My school has been selected to participate in the Howard Hughes Medical Institite's Science Education Alliance.
"The SEA’s first project is the National Genomics Research Initiative, a two-part, year-long research course offered by colleges and universities selected through a national competition. The course is aimed exclusively at beginning college students, who make real discoveries by doing research on bacterial viruses, called phage. In the first term, the students isolate colonies of phage from locally collected soil samples. Given the diversity of phage, each one is almost certain to be unique, so the students get to name their newly identified life form. They then spend the rest of the term purifying and characterizing their phage and extracting its DNA.
Between terms, the purified DNA is sent to the Joint Genome Institute-Los Alamos National Laboratory in New Mexico, where it is sequenced. In the second term, the students receive files containing their phage’s DNA sequence. The students then use bioinformatics tools to analyze and annotate the DNA from their phage."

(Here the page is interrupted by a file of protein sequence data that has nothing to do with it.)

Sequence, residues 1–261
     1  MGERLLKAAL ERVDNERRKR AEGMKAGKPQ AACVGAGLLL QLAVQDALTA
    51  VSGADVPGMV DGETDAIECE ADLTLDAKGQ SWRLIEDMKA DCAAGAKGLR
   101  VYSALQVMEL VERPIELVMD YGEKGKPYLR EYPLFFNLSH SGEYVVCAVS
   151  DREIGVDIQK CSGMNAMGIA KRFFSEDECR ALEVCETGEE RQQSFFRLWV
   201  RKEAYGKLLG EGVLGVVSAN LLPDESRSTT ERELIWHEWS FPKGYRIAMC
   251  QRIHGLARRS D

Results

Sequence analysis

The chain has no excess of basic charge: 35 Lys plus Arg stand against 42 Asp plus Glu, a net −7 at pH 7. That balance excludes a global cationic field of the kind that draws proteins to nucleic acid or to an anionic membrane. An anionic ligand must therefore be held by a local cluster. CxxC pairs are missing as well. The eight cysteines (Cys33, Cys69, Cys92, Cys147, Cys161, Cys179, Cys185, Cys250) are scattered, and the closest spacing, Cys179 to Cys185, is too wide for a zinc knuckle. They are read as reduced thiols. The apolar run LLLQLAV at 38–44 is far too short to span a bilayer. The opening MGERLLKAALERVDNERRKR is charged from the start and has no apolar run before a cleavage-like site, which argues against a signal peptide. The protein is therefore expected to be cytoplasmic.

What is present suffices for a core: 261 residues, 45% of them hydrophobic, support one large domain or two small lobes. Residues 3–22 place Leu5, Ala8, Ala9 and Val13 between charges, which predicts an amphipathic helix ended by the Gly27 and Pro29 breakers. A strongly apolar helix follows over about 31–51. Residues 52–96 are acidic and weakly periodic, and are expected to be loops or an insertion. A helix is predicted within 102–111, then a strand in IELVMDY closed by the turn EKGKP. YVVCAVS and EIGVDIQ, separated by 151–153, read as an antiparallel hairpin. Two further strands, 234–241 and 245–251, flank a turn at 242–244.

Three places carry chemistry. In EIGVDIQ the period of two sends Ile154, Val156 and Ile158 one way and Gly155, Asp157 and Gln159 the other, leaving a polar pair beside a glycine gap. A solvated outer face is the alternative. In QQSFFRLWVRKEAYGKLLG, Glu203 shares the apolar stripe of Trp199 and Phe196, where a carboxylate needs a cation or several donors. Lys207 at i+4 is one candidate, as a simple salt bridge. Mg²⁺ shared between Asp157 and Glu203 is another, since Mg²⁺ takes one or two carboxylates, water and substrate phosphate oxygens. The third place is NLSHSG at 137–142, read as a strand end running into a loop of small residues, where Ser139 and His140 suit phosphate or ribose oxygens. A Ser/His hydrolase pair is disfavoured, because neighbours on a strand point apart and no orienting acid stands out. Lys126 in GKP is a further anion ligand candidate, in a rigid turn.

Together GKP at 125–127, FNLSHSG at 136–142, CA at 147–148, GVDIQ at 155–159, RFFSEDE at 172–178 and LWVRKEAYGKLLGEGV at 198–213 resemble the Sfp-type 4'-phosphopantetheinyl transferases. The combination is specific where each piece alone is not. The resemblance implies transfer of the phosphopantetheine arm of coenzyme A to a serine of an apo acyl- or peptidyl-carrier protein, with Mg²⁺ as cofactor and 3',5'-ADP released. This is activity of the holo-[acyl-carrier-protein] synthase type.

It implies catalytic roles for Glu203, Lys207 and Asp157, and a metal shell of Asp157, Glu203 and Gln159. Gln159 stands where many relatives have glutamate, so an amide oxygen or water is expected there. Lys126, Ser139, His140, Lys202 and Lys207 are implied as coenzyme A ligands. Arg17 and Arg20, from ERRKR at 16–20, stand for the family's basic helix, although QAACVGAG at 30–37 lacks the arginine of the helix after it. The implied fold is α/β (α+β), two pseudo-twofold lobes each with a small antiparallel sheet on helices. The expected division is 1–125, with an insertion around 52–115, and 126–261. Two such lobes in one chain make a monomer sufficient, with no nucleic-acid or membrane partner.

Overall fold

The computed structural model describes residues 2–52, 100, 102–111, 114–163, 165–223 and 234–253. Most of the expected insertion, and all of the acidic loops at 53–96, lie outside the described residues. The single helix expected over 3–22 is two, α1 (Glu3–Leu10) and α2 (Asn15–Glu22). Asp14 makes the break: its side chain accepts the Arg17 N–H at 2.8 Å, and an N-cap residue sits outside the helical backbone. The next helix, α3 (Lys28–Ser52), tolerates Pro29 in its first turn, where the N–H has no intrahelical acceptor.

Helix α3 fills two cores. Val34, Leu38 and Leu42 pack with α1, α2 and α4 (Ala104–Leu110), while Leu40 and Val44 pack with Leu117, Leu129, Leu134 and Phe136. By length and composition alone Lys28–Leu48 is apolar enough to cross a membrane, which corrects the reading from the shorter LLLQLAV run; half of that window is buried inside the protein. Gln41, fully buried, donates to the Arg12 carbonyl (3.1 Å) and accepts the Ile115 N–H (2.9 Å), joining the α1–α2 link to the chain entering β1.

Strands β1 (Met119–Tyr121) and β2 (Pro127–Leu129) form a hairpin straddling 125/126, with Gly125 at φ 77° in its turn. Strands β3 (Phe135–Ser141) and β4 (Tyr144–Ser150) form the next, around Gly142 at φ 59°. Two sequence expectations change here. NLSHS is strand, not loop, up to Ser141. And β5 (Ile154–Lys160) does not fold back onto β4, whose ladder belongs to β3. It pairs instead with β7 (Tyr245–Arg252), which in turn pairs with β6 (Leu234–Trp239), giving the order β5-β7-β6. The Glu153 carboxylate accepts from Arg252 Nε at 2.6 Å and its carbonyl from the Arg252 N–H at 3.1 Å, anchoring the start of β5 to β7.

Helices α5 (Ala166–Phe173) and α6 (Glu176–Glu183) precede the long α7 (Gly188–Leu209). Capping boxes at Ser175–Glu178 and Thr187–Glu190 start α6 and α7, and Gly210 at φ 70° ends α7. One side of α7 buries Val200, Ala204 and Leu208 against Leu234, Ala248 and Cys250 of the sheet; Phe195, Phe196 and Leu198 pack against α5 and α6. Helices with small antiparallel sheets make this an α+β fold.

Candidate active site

I'll be offering this course to Queens College freshmen next year. It will be real exciting to see what new phages we can isolate from the Long Island soil. Part of the process involves visualizing phage thru electron microscopy (phage are too small to be seen thru ordinary light microscopy).
I've never done this before and am looking forward to seeing phage for the first time. Other professors report that this was the highlight of the course for their students.
"The students told professors teaching the SEA course that the most exciting moment came when they saw a picture of their phage for the first time....As the image of the phage emerged on the computer screen, many students pointed and jumped up and down. One student from Hope College in Michigan called her mom from lab when she saw her phage for the first time. In Findley’s class, the students later had the equivalent of a phage fashion show, and they “oohed” and “aahed” over the phage with the longest tail or darkest head.
The students’ excitement and creativity was also reflected in the names they gave their viruses. The quirky names aren’t the normal staid acronyms often seen in the scientific literature. For example, some students named their phage after the Comedy Central duo of “Colbert” and “Jon Stewart.” Other groups chose “Peaches” and “LRRHood” for Little Red Riding Hood. A student at Spelman College named her phage “Hope” the day after Barack Obama was elected President of the United States."
The hope is that this initiative will encourage college freshmen to consider science as a career.